Binaries in the Kuiper Belt are a scientific windfall: in them we have relatively fragile test particles which can be used as tracers of the early dynamical evolution of the outer Solar System. We propose a Snapshot program using the ACS/HRC that has a potential discovery efficiency an order of magnitude higher than the HST observations that have already discovered the majority of known transneptunian binaries. By more than doubling the number of observed objects in dynamically hot and cold subpopulations we will be able to answer, with statistical significance, the question of whether these groups differ in the abundance of binaries as a result of their particular dynamical paths into the Kuiper Belt. Today’s Kuiper Belt bears the imprints of the final stages of giant-planet building and migration; binaries may offer some of the best preserved evidence of that long-ago era.


ACS CCDs daily monitor

This program consists of a set of basic tests to monitor, the read noise, the development of hot pixels and test for any source of noise in ACS CCD detectors. The files, biases and dark will be used to create reference files for science calibration. This programme will be for the entire lifetime of ACS. Changes from cycle 13:- The default gain for WFC is 2 e-/DN. As before bias frames will be collected for both gain 1 and gain 2. Dark frames are acquired using the default gain {2}. This program cover the period Oct, 2 2005- May, 29-2006. The second half of the program has a different proposal number: 10758.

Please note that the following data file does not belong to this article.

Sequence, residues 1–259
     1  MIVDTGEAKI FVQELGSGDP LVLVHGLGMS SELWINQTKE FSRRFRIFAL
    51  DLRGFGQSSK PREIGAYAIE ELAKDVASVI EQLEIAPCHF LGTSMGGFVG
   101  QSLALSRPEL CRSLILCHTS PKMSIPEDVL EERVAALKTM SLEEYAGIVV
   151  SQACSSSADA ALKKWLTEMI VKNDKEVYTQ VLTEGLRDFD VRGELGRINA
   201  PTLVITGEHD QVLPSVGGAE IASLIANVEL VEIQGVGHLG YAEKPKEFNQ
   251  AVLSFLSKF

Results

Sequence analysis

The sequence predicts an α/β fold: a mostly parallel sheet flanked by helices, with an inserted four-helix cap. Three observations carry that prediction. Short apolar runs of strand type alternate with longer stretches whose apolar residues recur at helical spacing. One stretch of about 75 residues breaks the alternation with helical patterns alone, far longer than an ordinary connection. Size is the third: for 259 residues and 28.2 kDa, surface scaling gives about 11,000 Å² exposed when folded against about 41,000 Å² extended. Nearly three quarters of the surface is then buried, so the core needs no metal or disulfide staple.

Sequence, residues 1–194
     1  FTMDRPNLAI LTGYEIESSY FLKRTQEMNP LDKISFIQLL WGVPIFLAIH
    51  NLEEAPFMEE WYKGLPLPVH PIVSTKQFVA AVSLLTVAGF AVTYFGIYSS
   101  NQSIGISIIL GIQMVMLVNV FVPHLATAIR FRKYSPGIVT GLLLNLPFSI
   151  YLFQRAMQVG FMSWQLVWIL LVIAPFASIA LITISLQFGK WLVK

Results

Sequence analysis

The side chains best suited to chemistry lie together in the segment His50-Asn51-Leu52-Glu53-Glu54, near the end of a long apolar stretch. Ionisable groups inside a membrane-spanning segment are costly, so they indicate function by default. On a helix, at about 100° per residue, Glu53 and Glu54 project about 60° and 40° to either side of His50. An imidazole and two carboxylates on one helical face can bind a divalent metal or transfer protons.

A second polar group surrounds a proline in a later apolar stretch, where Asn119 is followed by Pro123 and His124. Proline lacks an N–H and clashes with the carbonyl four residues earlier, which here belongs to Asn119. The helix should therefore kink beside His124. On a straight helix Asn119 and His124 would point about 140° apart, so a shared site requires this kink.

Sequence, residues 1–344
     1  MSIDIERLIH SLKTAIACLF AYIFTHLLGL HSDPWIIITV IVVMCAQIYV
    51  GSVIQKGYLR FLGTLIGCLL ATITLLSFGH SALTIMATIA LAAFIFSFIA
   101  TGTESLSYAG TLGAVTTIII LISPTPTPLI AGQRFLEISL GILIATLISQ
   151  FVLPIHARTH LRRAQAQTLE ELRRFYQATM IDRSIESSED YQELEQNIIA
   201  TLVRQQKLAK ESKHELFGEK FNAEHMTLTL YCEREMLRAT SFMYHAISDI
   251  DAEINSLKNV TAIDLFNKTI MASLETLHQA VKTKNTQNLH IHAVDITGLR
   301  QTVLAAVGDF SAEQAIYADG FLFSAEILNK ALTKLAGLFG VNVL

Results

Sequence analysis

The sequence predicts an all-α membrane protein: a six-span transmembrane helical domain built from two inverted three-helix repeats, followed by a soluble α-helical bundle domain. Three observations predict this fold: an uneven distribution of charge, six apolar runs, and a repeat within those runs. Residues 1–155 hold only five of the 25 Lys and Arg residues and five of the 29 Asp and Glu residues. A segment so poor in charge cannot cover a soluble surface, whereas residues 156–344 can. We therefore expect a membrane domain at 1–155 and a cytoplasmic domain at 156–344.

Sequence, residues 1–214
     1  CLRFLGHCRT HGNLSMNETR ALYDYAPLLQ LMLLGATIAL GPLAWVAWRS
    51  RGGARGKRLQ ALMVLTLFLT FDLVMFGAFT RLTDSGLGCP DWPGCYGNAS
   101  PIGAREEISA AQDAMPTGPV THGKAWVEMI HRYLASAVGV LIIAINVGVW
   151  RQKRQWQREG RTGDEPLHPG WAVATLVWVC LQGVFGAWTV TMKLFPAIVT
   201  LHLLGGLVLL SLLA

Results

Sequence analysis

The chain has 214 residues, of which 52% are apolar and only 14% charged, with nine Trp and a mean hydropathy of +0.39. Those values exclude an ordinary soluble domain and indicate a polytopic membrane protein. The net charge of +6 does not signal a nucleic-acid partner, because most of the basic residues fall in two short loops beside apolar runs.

ACS/WFC 10543

Microlensing in M87 and the Virgo Cluster

Resolving the nature of dark matter is an urgent problem. The results of the MACHO survey of the Milky Way dark halo toward the LMC indicate that a significant fraction of the halo consists of stellar mass objects. The VATT/Columbia survey of M31 finds a similar lens fraction in the M31 dark halo. We propose a series of observations with ACS that will provide the most thorough search for microlensing toward M87, the central elliptical galaxy of the Virgo cluster. This program is optimized for lenses in the mass range from 0.01 to 1.0 solar masses. By comparing with archival data, we can detect lenses as massive as 100 solar masses, such as the remnants of the first stars. These observations will have at least 15 times more sensitivity to microlensing than any previous survey, e.g. using WFPC2. This is due to the factor of 2 larger area, factor of more than 4 more sensitivity in the I-band, superior pixel scale and longer baseline of observations. Based on the halo microlensing results in the Milky Way and M31, we might expect that galaxy collisions and stripping would populate the overall cluster halo with a large number of stellar mass objects. This program would determine definitively if such objects compose the cluster dark matter at the level seen in the Milky Way. A negative result would indicate that such objects do not populate the intracluster medium, and may indicate that galaxy harassment is not as vigorous as expected. We can measure the level of events due to the M87 halo: this would be the best exploration to date of such a lens population in an elliptical galaxy. Star-star lensing should also be detectable. About 20 erupting classical novae will be seen, allowing to determine the definitive nova rate for this giant elliptical galaxy. We will determine if our recent HST detection of an M87 globular cluster nova was a fluke, or indicative of a 100x higher rate of incidence of cataclysmic variables and nova eruptions in globulars than previously believed. We will examine the populations of variable stars, and will be able to cleanly separate them from microlensing.